From there, Kara, the youngest of James’ 10 grandchildren, was able to get a man she described as unaccustomed to opening up about his life to briefly discuss his difficult upbringing. He then talked in greater detail about his beloved wife, Annie, who passed away in 2012, his work as a supervisor at the John Deere factory, the loss of his eldest son Chuck who suffered with Lou Gehrig’s disease, as well as his thoughts on life and advice for others as they age.

In a separate interview with StoryCorps, Kara, a senior at the University of Iowa, remembered her grandfather as once being an intimidating figure in her life, but as they have both grown older and maintained their close relationship, she now sees him as fun, protective, and loving. He’s a man who enjoys joking around, dancing, shooting pool, and playing the penny slots at a local casino.

During their conversation, James also offers Kara advice on a happy marriage, “You gotta kinda like each other…if something happened just say ‘I’m sorry’ and get it over with and make up,” because “when you get married, it’s kind of like the two of you are one. You think the same.” And on life in general, advising her to “keep it so the days don’t just go by and that’s all there is, a boring old day…let life roll on…it goes fast.” You need to “roll with age, don’t worry about it, it’s coming. Enjoy life, it’s wonderful.”

According to Kara, after their recording ended, James continued to share memories with her about Annie before they grabbed a cup of coffee and headed over to the casino to play the penny slots together.

StoryCorps: Paul Nilsen and Tom Graziano

From StoryCorps | Part of the StoryCorps series | 02:26

Tom Graziano remembers how his son’s elementary school principal and the community responded when they learned that his son was HIV positive.

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In the early 1980s, Tom Graziano and his wife adopted an almost 2-year-old boy named John. As a child, he was constantly sick, but doctors where never able to determine why.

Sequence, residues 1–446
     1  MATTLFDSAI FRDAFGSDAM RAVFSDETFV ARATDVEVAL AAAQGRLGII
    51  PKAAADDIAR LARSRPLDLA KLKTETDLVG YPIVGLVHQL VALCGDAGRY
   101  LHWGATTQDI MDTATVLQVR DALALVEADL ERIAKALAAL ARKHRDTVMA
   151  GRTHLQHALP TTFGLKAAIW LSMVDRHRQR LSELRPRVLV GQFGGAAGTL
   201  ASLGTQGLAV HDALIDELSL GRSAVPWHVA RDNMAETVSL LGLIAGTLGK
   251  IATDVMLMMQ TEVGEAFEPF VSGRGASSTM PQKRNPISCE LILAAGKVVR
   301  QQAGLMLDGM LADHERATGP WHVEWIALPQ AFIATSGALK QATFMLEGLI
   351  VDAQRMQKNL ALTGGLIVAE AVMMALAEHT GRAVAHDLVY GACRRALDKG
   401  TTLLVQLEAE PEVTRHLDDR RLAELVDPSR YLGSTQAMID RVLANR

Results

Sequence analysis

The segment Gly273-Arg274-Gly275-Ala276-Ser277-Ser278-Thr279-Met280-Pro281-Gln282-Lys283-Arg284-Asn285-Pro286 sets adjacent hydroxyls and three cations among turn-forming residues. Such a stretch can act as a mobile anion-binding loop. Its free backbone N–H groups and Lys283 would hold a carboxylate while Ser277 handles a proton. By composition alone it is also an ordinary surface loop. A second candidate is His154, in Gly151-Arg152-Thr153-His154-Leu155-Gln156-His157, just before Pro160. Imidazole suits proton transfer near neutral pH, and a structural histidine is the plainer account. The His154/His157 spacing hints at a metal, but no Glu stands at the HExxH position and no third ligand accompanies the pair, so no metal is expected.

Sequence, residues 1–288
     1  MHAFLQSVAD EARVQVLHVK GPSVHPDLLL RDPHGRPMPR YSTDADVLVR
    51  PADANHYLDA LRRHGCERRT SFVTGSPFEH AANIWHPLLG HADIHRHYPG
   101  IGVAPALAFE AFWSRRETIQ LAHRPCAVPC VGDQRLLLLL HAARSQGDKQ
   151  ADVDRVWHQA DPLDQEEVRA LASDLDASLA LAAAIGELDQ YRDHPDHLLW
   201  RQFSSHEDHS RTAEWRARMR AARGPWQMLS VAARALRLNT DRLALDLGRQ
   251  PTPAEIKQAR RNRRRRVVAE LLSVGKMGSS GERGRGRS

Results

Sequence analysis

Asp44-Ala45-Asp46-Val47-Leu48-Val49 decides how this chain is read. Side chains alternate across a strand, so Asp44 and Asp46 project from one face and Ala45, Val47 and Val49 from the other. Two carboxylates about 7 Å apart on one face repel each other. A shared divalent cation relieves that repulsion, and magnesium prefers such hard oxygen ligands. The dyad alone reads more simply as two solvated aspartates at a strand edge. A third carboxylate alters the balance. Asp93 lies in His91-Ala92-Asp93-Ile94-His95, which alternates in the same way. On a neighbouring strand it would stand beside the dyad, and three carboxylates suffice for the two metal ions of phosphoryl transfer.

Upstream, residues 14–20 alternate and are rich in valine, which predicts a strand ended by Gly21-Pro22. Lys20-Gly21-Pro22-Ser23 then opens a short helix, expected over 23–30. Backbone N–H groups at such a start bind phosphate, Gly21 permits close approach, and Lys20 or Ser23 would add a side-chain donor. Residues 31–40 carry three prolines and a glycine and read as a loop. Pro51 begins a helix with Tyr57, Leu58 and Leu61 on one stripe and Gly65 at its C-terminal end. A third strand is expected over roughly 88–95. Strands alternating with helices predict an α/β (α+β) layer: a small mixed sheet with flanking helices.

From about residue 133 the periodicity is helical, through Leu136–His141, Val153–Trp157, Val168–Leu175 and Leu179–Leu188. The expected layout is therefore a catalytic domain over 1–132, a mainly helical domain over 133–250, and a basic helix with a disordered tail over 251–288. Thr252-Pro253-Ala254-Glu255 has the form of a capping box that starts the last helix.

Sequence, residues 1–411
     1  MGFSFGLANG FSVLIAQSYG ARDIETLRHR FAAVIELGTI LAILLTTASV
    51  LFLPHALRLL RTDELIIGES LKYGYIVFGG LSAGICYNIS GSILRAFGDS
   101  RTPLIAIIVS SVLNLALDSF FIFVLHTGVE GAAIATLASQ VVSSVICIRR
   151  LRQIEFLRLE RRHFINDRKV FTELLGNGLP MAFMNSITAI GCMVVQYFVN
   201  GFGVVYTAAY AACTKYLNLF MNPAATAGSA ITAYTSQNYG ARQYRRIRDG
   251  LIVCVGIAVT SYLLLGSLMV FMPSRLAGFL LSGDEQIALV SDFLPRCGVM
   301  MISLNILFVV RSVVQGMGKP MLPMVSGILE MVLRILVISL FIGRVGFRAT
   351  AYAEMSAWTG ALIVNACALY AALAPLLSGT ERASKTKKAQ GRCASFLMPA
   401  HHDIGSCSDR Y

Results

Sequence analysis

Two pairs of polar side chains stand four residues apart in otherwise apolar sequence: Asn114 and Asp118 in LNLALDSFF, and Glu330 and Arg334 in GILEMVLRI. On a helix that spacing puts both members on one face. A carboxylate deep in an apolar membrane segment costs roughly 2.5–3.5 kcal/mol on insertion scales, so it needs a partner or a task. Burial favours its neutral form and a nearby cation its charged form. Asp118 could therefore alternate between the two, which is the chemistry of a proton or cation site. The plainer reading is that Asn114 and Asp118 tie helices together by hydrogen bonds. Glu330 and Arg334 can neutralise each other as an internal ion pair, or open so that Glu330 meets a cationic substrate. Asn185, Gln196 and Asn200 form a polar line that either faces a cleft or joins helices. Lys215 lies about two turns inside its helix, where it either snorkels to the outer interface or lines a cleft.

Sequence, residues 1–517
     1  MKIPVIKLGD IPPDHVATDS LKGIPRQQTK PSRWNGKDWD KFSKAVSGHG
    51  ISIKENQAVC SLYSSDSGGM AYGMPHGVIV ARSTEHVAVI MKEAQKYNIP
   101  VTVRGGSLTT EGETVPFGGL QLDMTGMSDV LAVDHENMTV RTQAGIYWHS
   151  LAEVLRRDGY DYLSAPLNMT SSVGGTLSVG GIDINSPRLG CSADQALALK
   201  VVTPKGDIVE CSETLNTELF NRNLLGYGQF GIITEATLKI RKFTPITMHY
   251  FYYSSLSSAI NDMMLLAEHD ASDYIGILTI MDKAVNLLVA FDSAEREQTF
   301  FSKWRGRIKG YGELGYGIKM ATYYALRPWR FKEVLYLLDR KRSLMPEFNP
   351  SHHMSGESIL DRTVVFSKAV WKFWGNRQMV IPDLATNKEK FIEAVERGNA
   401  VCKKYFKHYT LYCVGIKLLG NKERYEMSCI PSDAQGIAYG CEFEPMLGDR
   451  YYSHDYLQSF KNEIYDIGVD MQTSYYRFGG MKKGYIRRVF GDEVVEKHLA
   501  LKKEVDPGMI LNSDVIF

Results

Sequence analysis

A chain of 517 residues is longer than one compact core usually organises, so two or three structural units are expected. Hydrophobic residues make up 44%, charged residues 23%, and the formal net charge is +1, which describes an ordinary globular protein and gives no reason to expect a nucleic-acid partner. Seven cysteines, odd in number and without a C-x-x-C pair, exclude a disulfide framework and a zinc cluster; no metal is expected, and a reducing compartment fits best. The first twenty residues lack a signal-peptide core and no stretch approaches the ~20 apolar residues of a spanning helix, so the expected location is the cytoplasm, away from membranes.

In 1986, when John was in the second grade at Central Elementary School in Wilmette, Illinois, his parents discovered the reason for his health problems—John was HIV positive having contracted the disease from his biological mother.

At StoryCorps, Tom sat down with John’s elementary school principal, Paul Nilsen, to discuss the reaction of other students attending the school and among members of their suburban Chicago community to John during the AIDS epidemic in America.

John died in May 1989, just days shy of his 10th birthday.

StoryCorps Griot: Willie Harris and Alex Brown

From StoryCorps | Part of the StoryCorps series | 02:30

Willie Harris and Alex Brown remember the prejudice they faced as African American stuntmen while breaking into the film industry in the 1960s.

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Since the Academy of Motion Picture Arts & Sciences announced the nominees for the 2016 Oscars, there has been outrage both online and in the press. For the second year in a row, all 20 individuals nominated in the acting categories are white. The outcry has been so great that the Academy’s governing board voted to add new members in order to increase diversity in the coming years.
 
For some African Americans who have spent decades around the film industry, this continues to spotlight an age-old problem.
Willie Harris and Alex Brown came to Hollywood in the 1960s dreaming of breaking into the movies as stuntmen. Both were athletic and strong, but despite their qualifications, stunt coordinators repeatedly turned them away.
 
Realizing that movie studios had little interest in hiring black stuntmen—many wouldn’t even open stages and gyms for them to practice in—they continued to hone their skills training and practicing in public parks around Los Angeles. They would leap from bleachers onto donated mattresses and practice elaborate driving maneuvers using rented cars.
 
Eventually, Willie and Alex were able to break into the industry. They became original members of the Black Stuntmen’s Association spending decades in Hollywood taking and throwing punches in films like The Color Purple and the James Bond classic Live and Let Die.